A new generation burnt by the experience of their parents’ failures, yet longing for love because of it, are on the threshold of embracing marriage or rejecting it. This makes more urgent the task of “selling” the institution as the foremost protector of children and ultimately the best vehicle for human fulfilment.”

Another article How the west was lost: questions the future of countries who simply give up breeding, perhaps something we should seriously consider ourselves.

Thu 21st September 2006

F4J Digital Video Of Actions Taken ( Get Involved, Cooperate & Don’t Burn Out)

Filed under: General — Intrepid @ 12:28 pm

Authors: F4J (Assisted: Dave Ellison)
From: Hands on Equal Parenting
Via: The Honor Network

Here are 9 motivational tapes of actions & marches taken to encourage everyone in all movements to bring about justice for men & fathers.

Click: http://www.youtube.com/watch?v=KWW7wQPVm7I

Wed 20th September 2006

The New Zealand Mental Health Survey.

Filed under: General,Men's Health — Downunder @ 2:20 pm

Stuff Link:

The New Zealand Mental Health Survey, released by Health Minister Pete Hodgson yesterday, found that by the age of 75, 46 per cent of people would have experienced a mental health disorder.
Dr Wilson believed these figures would help people be happier to talk about these kind of issues in everyday forums.
“Things like depressive episodes and anxiety episodes are contributing primarily to that large figure of 46 per cent.”

Well I’m happy to share; that I am anxious about what the Family Court does to NZ children and depressed about our failing socialist state.

Anyone else want to share, and be happy too?

Tue 19th September 2006

113 years on, equality battle continues

Filed under: General — tonyf @ 9:32 pm

4.00pm Tuesday September 19, 2006
By Lindy Laird

New Zealand women won the right to vote in New Zealand 113 years ago today – but that didn’t mean equality issues were all over bar the shouting.

“It took another 70 years of nagging” before women could sit on juries, be Justices of the Peace or work as police officers, says longtime women’s lobbyist Audrey Trimmer.

Equal pay and parity in employment was one of the more high-profile ongoing battles, along with the campaign to reduce violence in society.

“Everybody is amazed when I tell them that there is still an an ongoing struggle on behalf of women,” Mrs Trimmer says.

“There are so many things we take for granted now that wouldn’t have happened if the National Council for Women hadn’t lobbied hard for and made submissions to parliament.”

Mrs Trimmer fears that, although lobby groups will continue to work on rights and quality of life issues, younger generations had become blase about the events of 1893 which saw New Zealand lead the world in allowing women to vote.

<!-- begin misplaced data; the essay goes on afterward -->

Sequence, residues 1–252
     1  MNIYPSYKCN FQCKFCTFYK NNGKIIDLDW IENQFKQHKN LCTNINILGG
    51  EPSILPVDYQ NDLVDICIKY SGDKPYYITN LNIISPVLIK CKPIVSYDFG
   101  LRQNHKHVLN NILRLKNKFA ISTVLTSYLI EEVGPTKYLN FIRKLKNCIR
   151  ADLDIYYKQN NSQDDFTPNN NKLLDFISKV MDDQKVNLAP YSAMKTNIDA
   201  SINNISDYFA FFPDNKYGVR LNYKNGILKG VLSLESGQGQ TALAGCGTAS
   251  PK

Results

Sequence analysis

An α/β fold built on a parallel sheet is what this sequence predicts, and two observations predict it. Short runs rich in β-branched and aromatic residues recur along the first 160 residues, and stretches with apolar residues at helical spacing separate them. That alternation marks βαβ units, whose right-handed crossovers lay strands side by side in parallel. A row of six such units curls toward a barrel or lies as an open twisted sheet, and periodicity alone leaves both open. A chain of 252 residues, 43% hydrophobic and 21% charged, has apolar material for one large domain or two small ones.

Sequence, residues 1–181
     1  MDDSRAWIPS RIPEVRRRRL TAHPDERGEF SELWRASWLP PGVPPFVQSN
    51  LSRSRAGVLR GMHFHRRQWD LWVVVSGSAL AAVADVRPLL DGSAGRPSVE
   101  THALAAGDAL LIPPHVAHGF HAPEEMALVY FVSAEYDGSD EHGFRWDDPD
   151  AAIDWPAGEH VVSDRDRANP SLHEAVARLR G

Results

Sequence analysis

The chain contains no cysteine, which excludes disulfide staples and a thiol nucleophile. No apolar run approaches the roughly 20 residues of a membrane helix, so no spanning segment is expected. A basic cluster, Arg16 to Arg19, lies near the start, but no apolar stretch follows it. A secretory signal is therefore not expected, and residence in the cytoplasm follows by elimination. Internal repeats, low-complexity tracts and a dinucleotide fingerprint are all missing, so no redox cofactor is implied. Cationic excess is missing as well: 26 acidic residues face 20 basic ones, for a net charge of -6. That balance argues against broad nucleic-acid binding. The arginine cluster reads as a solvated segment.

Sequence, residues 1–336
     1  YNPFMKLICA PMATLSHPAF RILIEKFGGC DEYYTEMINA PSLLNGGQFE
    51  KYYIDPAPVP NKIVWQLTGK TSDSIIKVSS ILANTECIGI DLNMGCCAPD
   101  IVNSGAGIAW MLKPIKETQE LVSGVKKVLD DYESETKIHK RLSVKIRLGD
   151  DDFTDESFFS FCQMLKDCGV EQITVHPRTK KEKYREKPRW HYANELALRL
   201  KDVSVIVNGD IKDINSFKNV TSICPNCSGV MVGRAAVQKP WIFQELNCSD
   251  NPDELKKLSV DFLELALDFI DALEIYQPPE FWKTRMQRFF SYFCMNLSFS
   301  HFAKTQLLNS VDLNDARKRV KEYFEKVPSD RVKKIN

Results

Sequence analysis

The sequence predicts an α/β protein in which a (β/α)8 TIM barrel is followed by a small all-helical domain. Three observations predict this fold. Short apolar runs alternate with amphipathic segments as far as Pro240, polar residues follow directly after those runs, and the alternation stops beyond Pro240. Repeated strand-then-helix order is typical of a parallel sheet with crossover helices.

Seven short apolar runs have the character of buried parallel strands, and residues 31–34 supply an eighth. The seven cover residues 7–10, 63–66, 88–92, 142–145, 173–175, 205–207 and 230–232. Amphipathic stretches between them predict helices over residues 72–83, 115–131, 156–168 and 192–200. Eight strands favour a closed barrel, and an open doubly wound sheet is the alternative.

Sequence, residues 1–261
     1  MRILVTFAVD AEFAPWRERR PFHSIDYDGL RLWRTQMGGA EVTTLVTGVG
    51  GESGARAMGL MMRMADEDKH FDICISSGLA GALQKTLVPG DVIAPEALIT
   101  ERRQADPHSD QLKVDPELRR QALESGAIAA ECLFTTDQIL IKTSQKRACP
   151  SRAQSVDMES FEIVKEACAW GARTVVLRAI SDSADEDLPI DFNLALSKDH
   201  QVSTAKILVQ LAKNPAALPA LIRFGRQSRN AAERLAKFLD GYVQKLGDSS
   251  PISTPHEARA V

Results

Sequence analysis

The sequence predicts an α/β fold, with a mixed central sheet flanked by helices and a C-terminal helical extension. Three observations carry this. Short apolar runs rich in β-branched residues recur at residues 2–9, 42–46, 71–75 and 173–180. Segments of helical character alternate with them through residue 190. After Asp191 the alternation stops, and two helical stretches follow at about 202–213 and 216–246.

“I think it’s a shame that New Zealand history isn’t taught to the level it should be in schools.”

Christine Low, national president of the group that represents up to 250,000 women belonging to a wide variety of affiliated groups, said it was ironic that women’s groups were still fighting for some of the same issues fought for by the suffragettes.

“We have made some gains but it’s far from over. There’s still an awful lot of work to do not only for women but to benefit all of New Zealand society.

“Freedom from violence, in particular,” Ms Low said. “Calling it domestic violence just pigeonholes it. It’s much broader than that. And pay equity is still but a distant dream for many.”

* Women in Mongolia had the vote (1924) before women in Britain (1928). In Spain women lost the vote in 1936 under the Franco regime and didn’t get it back until 1976. In Australia the end of legislative discrimination against Aboriginal peoples gave native women the vote in 1962. Swiss women were allowed to vote after 1971, and in Bahrain women gained the vote in 2001.

– NZPA

NOTE: The comments expressed in these articles may not reflect that of the post author

Study finds bias against women in science

Filed under: General — tonyf @ 9:27 pm

1.00pm Tuesday September 19, 2006
By Maggie Fox

Women are being filtered out of high-level science, maths and engineering jobs in the United States, and there is no good reason for it, according to a National Academies report released today.

A committee of experts looked at all the possible excuses — biological differences in ability, hormonal influences, childrearing demands, and even differences in ambition — and found no good explanation for why women are being locked out.